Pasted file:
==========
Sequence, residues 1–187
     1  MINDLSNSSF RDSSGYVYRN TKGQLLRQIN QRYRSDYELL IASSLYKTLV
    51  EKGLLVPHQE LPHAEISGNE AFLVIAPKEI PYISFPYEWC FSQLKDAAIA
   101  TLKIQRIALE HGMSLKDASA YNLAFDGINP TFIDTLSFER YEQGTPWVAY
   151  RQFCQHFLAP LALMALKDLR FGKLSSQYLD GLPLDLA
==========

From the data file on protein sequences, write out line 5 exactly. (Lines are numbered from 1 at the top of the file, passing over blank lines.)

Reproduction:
   151  RQFCQHFLAP LALMALKDLR FGKLSSQYLD GLPLDLA